Education Ministry denies claims of Wi-Fi payment scandal

The Ministry of Education has denied allegations of service delivery failures and the misuse of public funds associated with the Wi-Fi for Schools Programme.

A report by The Fourth Estate claimed that the Education Ministry paid internet service provider Busy Internet, now Lifted Logistics Limited, GH¢56 million despite failing to provide services to some schools nationwide.

The report indicated that many schools under the government’s Wi-Fi for Schools Programme had for months, and in some cases years, not had internet connectivity, even though the government had paid for the service.

Fourth Estate indicated that though the IT coordinators of some schools reported the challenges they were facing with the Wi-Fi connectivity, Busy Internet failed to act.

In a press release, the Ministry addressed allegations made in a report by The Fourth Estate Media, labelling the report as inaccurate and misleading.

The statement noted that the Government’s educational transformation agenda initiated in 2019 aimed to enhance internet connectivity across Senior High Schools, Colleges of Education, and educational offices nationwide.

The enhanced connectivity was expected to improve learning, administrative efficiency, and research capabilities significantly.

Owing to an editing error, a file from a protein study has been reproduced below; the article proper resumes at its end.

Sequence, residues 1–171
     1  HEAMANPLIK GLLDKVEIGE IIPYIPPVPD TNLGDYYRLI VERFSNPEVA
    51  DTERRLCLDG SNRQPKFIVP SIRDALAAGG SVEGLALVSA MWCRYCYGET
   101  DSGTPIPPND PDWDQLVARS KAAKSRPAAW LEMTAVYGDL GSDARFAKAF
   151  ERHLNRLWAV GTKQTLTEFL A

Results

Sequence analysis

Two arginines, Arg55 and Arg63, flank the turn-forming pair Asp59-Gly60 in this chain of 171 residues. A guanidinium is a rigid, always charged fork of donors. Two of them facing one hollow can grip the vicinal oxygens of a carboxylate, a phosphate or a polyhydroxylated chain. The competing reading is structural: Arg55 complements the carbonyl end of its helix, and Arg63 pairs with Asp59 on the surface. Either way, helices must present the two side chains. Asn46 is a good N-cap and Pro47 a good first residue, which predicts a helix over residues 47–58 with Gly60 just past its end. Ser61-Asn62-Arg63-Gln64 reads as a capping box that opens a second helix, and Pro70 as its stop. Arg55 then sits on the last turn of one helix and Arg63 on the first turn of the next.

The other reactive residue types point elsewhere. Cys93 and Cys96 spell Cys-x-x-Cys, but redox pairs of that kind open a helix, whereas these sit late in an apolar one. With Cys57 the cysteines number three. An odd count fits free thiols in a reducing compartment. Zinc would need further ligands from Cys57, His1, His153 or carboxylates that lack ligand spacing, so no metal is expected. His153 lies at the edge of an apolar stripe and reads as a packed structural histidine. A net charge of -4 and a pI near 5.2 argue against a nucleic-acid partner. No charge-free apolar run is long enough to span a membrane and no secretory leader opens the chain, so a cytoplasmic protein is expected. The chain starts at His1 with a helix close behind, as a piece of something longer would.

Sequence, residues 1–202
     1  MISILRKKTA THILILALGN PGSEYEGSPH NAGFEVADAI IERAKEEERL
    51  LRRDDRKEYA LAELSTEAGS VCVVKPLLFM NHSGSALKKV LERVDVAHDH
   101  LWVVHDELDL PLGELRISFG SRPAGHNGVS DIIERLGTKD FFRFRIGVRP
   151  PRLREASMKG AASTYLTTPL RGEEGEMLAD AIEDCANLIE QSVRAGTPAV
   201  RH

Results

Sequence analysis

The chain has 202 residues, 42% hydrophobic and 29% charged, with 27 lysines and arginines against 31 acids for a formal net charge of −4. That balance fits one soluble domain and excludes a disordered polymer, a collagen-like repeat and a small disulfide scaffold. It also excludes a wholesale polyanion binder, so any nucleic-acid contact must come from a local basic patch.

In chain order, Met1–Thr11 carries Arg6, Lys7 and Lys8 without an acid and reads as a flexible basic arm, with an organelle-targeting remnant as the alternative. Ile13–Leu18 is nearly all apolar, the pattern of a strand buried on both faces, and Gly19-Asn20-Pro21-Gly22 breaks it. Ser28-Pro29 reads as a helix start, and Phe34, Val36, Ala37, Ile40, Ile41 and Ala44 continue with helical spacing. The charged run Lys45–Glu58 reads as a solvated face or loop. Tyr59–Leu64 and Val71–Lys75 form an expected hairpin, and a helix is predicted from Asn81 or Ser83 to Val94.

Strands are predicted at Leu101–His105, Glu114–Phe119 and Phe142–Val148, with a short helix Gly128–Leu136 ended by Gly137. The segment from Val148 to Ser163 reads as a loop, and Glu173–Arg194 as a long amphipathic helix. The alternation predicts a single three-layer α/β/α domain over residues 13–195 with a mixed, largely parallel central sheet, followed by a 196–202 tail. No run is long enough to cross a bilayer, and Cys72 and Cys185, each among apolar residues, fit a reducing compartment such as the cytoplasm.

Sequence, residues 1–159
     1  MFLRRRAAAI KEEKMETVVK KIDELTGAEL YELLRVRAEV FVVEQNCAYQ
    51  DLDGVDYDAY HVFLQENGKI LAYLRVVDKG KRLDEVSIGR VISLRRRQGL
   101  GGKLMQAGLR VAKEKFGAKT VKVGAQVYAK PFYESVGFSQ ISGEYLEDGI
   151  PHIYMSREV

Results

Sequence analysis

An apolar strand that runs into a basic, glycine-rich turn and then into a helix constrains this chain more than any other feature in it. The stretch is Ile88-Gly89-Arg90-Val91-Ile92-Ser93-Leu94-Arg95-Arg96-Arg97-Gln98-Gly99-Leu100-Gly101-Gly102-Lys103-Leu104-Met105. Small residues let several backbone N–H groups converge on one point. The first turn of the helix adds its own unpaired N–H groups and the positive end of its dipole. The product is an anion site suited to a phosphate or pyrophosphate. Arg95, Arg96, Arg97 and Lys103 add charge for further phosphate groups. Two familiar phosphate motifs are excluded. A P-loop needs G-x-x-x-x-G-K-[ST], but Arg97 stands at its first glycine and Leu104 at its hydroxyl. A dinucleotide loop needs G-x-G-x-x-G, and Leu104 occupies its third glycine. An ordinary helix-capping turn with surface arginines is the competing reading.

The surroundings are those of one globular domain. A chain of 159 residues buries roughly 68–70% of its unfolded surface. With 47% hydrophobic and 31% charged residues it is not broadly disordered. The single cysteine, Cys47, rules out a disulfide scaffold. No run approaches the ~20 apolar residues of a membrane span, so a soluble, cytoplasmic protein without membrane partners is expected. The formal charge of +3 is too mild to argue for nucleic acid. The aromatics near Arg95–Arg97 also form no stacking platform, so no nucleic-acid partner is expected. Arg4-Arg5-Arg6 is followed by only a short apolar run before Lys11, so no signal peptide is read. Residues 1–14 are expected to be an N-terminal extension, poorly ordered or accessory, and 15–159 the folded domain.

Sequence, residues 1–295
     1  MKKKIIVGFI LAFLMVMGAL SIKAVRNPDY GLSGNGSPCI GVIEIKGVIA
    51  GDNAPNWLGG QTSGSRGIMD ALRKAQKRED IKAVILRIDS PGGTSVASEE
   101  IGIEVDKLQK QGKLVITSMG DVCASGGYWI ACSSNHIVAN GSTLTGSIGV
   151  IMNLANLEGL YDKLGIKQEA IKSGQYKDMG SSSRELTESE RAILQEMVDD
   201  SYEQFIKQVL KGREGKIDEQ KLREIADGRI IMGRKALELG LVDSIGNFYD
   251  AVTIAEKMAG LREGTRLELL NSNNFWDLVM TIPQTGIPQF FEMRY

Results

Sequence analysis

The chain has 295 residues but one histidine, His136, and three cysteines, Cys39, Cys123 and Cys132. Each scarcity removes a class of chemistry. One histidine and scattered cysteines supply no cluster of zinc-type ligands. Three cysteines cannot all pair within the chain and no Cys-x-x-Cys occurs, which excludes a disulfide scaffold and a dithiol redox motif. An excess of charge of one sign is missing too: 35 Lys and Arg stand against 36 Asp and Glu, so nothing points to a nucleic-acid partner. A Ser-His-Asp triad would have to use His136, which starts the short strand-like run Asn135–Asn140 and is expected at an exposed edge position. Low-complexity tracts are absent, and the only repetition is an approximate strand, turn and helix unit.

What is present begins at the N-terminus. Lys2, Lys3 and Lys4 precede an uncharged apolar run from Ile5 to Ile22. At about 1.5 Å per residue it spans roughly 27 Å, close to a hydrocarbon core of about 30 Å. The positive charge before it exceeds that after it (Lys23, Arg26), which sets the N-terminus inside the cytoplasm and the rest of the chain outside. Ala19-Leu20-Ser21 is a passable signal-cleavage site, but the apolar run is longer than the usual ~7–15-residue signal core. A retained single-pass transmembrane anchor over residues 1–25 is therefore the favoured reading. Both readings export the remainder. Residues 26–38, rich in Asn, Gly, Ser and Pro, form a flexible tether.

“The Ministry of Education wishes to address the claims made in a recent report by The Fourth Estate Media regarding the Wi-Fi for Schools Programme. The report, which suggests a failure in service delivery and misuse of public funds, is inaccurate and does not represent the facts.”

“In line with the review clause in the contract signed in 2019, an upward review of monthly recurring costs was approved by the PPA and capped to an amount not exceeding GH₵11,522,661.81 in 2023 due to the prevailing inflation, and foreign exchange rates,” the Education ministry said in a press release.

It noted that despite the approved amount of monthly recurring expenditure for services rendered, the Ministry only pays for the accessible dedicated internet.

“Specifically, the contract provides that the supplier shall be compensated on a pro-rata basis. The effect is that any downtime up to and exceeding half of a particular month will not be paid for.”

“This means that despite the approved amount of recurring expenditure, the Ministry does not pay a pesewa if services do not reach the 50% (less than half of the month) threshold in a particular month.”

“There is also a Validation Committee set up by the Minister for Education to equally vet all invoices before payment is made to the vendor. For instance, in February 2024, despite an Invoice of GH¢6,498,827.90 submitted, the Ministry ended up paying GH¢3,637,569.20 after vetting,” the statement added.

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